Previews01 Mar 2019

Course records under threat as Chumba seeks third Tokyo Marathon victory


Dickson Chumba winning the 2018 Tokyo Marathon (© AFP)

Defending champion Dickson Chumba (marathon world rank: 13) will aim to become the first three-time winner of the Tokyo Marathon on Sunday (3), while both the men’s and women’s course records could be threatened at the IAAF Gold Label road race in the Japanese capital.

The only two-time winner of the men’s race at the Tokyo Marathon, Chumba is aiming to become the first back-to-back champion and three-time winner following his victories in 2014 and 2018.

“I will go after the course record (2:03:58),” said Chumba, who set his PB of 2:04:32 at the 2014 Chicago Marathon.

The men’s field contains three other runners with PBs faster than 2:05, including Birhanu Legese (marathon world rank: 55), who recorded 2:04:15 on his debut at the 2018 Dubai Marathon, El Hassan El Abbassi (marathon world rank: 26), who set an Asian record of 2:04:43 in Valencia last year, and Seifu Tura (marathon world rank: 26), who clocked 2:04:44 at the 2018 Dubai Marathon.

“My time goal is 2:04,” said El Abbassi, the Asian Games silver medallist. “61:45 half marathon pace would be good. After 34km is where the marathon begins.”

Suguru Osako (marathon world rank: 22), who finished second to El Abbassi in the 10,000m at the 2014 Asian Games, clocked a PB of 2:05:50 in Chicago last year, which stood as an Asian record for two months until El Abbassi bettered it in Valencia.

The Japanese runner declined to declare his time goal for Sunday’s race, but if he breaks the Asian record again, he will earn a bonus of 100million yen.

Kenya’s Nobert Kigen (marathon world rank: 14) and Gideon Kipketer (marathon world rank: 31) have both bettered 2:06, but compatriot Bedan Karoki (marathon world rank: 65) has the more impressive CV, having finished second at the 2016 World Half Marathon Championships and the 2015 World Cross Country Championships. Despite his PBs of 58:42 for the half marathon and 26:52.12 for the 10,000m, he is yet to crack 2:07 for the marathon.

Other leading Japanese runners in the field include Ryo Kiname, Shogo Nakamura (marathon world rank: 99) and Yuki Sato. Kiname clocked a PB of 2:08:08 in Tokyo last year and is aiming to better 2:08 on Sunday. Sato, who was Japan’s leading 10,000m runner before Osako came along, cracked 2:10 last year and is targeting 2:06:30 this weekend.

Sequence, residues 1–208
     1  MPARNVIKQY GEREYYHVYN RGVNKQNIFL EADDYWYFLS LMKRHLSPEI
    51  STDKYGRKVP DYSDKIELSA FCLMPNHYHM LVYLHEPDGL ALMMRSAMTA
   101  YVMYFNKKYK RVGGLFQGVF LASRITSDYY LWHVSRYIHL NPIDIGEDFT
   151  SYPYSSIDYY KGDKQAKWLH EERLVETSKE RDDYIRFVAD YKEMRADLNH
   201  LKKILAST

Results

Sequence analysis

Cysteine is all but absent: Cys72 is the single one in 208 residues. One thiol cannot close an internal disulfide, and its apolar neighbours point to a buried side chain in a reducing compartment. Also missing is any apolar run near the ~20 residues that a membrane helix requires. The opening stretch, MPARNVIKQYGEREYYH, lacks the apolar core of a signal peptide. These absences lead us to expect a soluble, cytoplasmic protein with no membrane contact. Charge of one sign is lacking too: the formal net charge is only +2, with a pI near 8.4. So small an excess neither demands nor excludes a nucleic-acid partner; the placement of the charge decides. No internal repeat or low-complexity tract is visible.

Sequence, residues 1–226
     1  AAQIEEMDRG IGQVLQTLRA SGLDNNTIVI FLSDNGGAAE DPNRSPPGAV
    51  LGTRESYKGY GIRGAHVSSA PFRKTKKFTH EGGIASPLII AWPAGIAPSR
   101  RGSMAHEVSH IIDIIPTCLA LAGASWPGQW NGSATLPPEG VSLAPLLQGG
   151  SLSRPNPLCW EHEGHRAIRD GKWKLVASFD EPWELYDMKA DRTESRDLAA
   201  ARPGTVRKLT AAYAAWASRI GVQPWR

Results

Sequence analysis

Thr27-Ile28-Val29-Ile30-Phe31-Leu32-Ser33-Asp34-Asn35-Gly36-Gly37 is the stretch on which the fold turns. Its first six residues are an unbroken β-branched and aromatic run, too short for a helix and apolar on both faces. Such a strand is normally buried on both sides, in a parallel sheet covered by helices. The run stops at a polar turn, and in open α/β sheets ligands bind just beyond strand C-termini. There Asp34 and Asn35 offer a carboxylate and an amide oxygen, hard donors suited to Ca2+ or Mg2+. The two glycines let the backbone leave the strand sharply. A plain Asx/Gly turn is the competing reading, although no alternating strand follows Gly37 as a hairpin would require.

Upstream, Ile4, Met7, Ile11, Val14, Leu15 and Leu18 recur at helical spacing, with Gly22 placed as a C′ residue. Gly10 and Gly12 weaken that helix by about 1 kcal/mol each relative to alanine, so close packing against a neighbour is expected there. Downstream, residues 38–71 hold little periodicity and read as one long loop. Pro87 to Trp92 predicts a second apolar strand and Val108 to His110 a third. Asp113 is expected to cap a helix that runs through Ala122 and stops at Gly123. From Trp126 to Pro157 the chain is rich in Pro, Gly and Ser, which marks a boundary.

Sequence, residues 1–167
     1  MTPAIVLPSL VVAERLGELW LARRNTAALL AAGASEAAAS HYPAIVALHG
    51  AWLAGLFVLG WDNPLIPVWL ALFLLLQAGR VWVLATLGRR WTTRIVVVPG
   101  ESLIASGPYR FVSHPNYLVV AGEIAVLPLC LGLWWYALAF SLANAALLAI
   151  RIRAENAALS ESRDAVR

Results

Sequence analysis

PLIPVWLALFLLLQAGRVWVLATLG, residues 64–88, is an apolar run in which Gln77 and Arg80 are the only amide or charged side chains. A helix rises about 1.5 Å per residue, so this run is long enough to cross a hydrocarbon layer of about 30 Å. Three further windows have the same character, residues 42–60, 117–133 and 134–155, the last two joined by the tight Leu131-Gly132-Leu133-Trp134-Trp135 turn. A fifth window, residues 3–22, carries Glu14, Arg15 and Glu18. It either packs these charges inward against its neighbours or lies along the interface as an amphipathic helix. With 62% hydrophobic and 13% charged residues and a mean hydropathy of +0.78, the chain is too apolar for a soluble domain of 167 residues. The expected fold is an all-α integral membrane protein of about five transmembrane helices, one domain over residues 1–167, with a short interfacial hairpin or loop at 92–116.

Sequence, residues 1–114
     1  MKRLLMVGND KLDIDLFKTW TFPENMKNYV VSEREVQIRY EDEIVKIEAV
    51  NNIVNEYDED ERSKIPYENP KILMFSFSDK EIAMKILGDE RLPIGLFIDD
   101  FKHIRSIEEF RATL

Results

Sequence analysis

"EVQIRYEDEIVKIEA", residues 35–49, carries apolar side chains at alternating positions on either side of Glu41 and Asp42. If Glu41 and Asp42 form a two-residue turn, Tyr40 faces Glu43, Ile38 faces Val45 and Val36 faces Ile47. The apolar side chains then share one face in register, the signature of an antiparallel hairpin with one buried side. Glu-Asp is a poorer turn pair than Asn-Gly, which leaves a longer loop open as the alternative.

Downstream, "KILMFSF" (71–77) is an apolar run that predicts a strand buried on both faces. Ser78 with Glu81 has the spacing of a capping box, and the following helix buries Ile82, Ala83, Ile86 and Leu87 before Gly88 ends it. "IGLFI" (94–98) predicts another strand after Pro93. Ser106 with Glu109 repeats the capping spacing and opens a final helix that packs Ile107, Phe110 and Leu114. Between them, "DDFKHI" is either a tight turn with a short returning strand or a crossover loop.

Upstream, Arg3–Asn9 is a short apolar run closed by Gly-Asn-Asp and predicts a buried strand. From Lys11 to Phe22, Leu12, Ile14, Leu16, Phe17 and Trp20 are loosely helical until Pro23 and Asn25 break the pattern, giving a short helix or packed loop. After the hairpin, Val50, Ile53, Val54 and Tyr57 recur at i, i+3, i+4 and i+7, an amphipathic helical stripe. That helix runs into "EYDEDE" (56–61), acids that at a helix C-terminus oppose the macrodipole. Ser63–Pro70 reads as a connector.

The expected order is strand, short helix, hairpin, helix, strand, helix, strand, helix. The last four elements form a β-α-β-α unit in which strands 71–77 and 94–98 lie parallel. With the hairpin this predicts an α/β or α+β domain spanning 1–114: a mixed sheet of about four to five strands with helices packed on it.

Aga seeking first marathon victory

With four women in the field boasting sub-2:20 PBs, the course record of 2:19:47 could be under threat on Sunday.

Ruti Aga (marathon world rank: 10) has the unenviable honour of being the fastest woman in history never to have won a marathon. Despite a lifetime best of 2:18:34, set last year in Berlin, the 25-year-old Ethiopian is yet to win a race over the classic distance.

“Of course, I am going after the win,” said Aga, who finished second in Tokyo last year. “I also hope to improve my personal best. 2:18:30 pace would be good for me. My endurance is good, but my speed is my strength.”

Of the three other women in the field with sub-2:20 PBs, two of them – Feyse Tadese and Yebrgual Melese (marathon world rank: 8) – produced those times just last year. The third, Florence Kiplagat, hasn’t cracked 2:22 since October 2016.

World and Asian champion Rose Chelimo of Bahrain is also in the field, but her PB of 2:22:51 makes her just the ninth fastest woman in the field. Sunday’s race will be an ideal opportunity to be carried to a fast time.

Joan Chelimo Melly, the fourth fastest half marathon runner in history with a best of 1:05:04, is making her marathon debut and could be a danger.

Ababel Yeshaneh won the Abu Dhabi Marathon last December in 2:20:16, but the course has not yet been verified so the Ethiopian half marathon record-holder will be motivated to reproduce that kind of performance on a record-eligible course.

Of the four Japanese women in the field, three of them – Honami Maeda (marathon world rank: 50), Yuka Takashima, and debutante Mao Ichiyama – are aiming to run somewhere in the region of 2:21.

Ken Nakamura for the IAAF

Elite field

Birhanu Legese (ETH) 2:04:15
Dickson Chumba (KEN) 2:04:32
El Hassan El Abbassi (BRN) 2:04:43
Seifu Tura (ETH) 2:04:44
Nobert Kigen (KEN) 2:05:13
Suguru Osako (JPN) 2:05:50
Gideon Kipketer (KEN) 2:05:51
Deme Tadu Abate (ETH) 2:06:47
Bedan Karoki (KEN) 2:07:41
Ryo Kiname (JPN) 2:08:08
Shogo Nakamura (JPN) 2:08:16
Yuki Sato (JPN) 2:08:58
Jo Fukuda (JPN) 2:09:52
Shohei Otsuka (JPN) 2:10:12
Daichi Kamino (JPN) 2:10:18

Ruti Aga (ETH) 2:18:34
Feyse Boru Tadese (ETH) 2:19:30
Yebrgual Melese (ETH) 2:19:36
Florence Kiplagat (KEN) 2:19:44
Shure Demise (ETH) 2:20:59
Bedatu Hirpa (ETH) 2:21:32
Mimi Belete (BRN) 2:22:29
Helen Tola (ETH) 2:22:48
Rose Chelimo (BRN) 2:22:51
Ruth Chebitok (KEN) 2:23:29
Honami Maeda (JPN) 2:23:48
Yuka Takashima (JPN) 2:26:13
Keiko Nogami (JPN) 2:26:33
Ababel Yeshaneh (ETH) 2:33:10
Joan Chelimo Melly (KEN) debut
Mao Ichiyama (JPN) debut

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